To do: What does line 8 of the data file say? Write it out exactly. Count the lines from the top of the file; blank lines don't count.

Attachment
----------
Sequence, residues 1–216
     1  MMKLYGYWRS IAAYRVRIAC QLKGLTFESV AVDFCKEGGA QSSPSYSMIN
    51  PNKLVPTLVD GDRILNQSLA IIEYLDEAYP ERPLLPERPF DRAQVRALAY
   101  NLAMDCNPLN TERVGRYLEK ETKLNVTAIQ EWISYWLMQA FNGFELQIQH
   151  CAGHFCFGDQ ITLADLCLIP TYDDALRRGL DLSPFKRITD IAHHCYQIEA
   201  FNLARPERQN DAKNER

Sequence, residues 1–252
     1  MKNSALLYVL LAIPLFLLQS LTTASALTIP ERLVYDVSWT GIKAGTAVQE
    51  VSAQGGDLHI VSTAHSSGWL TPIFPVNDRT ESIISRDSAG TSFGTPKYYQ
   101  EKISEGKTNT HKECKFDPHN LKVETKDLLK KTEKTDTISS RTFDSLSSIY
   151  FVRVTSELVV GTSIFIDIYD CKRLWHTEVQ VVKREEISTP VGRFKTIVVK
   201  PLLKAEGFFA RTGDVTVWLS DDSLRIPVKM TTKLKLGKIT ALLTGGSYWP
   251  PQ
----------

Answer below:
     1  MKNSALLYVL LAIPLFLLQS LTTASALTIP ERLVYDVSWT GIKAGTAVQE